Some measures can be taken, both in office spaces and at home, to ensure comfortable and safe working positions. These include keeping a good position, no slouching, sitting back or sitting crossed legged, along with monitoring your comfort and implementing equipment to help support you if required.

The HSE (Health and Safety Executive), a government agency, provides guidelines on how to keep a comfortable and good working position. This enables employers to carry out a risk assessment where necessary and acts as a checklist.


Monitors should be at a slight upwards angle and in your direct eye line while sitting in an upright position. It should also be at least an arms-length away. It is also a good idea to have a monitor that can swivel and tilt to ensure that the monitor can be adjusted to suit your needs.

If the user of the screen cannot get into a comfortable position viewing at the monitor, or the swivel and tilt do not work properly, the screen may not be appropriate and may need replacing.

Any screens should also be free of any glares and reflections; if these are present the screen or desk may need to be moved for a comfortable viewing experience. If this cannot be done, shielding the monitor will also work.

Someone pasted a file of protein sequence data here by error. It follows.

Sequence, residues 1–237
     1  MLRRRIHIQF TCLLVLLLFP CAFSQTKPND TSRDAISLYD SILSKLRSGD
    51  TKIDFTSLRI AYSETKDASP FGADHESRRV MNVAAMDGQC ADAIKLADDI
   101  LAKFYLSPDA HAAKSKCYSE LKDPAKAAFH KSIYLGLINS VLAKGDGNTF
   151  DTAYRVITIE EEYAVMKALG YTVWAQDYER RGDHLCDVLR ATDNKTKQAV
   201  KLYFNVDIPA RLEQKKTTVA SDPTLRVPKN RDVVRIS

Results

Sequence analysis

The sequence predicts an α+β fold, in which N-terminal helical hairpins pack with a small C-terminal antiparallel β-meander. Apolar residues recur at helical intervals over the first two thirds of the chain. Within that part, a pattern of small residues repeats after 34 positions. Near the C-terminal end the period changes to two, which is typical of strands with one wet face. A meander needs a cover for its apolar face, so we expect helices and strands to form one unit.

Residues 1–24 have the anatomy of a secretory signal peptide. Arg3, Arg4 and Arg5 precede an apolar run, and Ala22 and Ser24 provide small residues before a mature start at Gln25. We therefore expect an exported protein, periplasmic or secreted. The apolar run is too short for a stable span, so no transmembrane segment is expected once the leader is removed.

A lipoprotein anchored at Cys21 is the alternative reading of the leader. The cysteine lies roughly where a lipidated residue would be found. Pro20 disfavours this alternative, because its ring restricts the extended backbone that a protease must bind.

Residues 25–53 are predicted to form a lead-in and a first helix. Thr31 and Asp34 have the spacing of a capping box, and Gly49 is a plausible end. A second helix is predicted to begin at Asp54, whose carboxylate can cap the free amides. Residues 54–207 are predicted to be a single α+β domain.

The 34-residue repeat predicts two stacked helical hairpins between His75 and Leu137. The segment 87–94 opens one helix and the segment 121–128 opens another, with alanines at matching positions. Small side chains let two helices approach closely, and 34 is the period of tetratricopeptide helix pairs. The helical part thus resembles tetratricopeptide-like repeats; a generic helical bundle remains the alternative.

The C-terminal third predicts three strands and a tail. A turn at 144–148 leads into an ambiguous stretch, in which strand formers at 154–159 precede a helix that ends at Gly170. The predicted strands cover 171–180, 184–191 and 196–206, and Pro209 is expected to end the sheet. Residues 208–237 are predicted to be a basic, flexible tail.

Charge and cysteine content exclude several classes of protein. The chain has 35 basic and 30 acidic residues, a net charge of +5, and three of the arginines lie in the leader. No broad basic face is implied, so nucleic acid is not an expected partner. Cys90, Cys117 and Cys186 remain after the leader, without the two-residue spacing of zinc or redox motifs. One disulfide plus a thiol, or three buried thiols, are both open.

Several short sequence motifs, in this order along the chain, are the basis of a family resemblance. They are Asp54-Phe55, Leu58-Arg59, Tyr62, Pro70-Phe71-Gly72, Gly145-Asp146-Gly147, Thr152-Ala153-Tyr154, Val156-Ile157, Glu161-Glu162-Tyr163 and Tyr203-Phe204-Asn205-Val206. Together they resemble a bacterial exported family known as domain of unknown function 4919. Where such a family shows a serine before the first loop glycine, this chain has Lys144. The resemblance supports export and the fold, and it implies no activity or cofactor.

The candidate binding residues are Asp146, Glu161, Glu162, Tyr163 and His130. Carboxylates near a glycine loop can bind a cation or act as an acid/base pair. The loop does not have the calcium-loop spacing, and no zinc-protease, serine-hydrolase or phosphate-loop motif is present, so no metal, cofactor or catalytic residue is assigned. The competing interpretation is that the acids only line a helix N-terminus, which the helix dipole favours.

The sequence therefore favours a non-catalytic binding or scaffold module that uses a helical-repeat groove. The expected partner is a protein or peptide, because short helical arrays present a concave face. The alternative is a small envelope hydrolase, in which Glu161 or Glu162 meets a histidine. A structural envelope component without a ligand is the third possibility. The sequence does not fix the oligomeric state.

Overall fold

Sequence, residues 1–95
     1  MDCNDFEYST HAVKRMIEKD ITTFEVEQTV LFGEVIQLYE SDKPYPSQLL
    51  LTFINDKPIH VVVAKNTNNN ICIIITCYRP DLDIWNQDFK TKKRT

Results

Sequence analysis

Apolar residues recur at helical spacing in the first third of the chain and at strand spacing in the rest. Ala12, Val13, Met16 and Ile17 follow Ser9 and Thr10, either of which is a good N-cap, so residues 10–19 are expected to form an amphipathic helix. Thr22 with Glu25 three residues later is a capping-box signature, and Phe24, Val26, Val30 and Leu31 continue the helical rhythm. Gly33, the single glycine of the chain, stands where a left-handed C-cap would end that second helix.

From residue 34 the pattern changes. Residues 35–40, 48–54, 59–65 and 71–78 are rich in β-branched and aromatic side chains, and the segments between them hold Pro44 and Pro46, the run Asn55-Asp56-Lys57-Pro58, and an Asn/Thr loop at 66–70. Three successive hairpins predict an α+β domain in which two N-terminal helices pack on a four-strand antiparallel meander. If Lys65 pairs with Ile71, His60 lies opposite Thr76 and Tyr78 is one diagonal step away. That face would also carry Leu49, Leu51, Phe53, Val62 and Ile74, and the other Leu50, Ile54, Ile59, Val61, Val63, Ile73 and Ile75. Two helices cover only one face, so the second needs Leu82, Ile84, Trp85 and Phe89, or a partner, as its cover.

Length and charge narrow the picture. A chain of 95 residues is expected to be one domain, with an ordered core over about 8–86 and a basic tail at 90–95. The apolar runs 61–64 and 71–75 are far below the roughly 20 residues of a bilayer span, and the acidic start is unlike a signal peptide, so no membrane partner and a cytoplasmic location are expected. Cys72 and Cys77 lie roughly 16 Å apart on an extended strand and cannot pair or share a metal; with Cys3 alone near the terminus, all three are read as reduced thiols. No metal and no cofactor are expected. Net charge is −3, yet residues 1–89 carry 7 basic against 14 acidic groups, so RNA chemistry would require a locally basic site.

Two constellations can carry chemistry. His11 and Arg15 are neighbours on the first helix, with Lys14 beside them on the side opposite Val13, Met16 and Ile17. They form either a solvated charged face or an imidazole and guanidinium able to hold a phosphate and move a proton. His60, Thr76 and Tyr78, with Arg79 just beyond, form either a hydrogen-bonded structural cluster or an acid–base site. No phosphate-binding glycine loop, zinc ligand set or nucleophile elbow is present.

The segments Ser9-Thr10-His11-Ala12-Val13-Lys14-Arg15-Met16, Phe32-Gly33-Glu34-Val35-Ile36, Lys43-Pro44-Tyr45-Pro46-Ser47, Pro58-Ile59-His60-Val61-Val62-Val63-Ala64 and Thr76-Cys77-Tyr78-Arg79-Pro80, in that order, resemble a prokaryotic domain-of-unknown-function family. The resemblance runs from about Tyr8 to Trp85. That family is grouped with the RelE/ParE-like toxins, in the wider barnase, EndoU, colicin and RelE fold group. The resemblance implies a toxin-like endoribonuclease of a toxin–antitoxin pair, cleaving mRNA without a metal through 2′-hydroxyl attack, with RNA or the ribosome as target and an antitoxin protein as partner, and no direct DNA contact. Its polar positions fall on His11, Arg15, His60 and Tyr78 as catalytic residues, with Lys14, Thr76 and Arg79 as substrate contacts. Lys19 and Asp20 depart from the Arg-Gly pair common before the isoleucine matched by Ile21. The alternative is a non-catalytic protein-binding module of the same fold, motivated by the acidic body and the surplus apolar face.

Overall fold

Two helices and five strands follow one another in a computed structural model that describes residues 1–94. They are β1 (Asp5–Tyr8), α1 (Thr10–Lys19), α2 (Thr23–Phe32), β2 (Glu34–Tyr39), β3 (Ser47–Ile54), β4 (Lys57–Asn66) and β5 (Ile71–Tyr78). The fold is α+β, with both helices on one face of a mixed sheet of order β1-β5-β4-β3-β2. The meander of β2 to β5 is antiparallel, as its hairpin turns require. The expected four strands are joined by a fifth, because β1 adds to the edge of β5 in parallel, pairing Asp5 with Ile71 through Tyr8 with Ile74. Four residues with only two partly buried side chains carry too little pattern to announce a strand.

Keyboard and Mouse

Your keyboard and mouse should be in line with your elbows so that typing feels natural without making you strain. If you feel any discomfort, we recommend investing in ergonomic wrist rests and mouse pads.

As keyboards age, the text on them can often begin to fade and if you’re unable to touch type, you will need to consider replacing it to minimise eye strain and errors in your work.

Something people often overlook is the speed in which a mouse works and moves about on the screen. If it is too slow or too fast, the DPI setting may need to be changed to suit the user and minimise eye strain and headaches.


The display should allow for clear and readable characters, at a good resolution. The brightness and contrast on the display should also be changeable to the user’s comfort. If you experience any kind of flickering, the connecting cable may be damaged. It’s important to replace it as soon as possible so it doesn’t cause eye strain or headaches.


It’s important for all office chairs to have a backrest to provide support. It should be adjusted to a 90-degree angle for an upright back position. Choosing a chair with arms and even a footrest can also provide added support. There are various options to choose from that can help people who suffer from back and neck pain, or if they’re tall or short, we can help source ideal solutions.


When it comes to desks, you must find the right one for you. If you suffer from backache or wish to be more active, you may wish to opt for a standing desk. They’re a great way of maintaining great posture and assisting with stress on joints, which can be common for those who sit down at their desk for eight or more hours each day.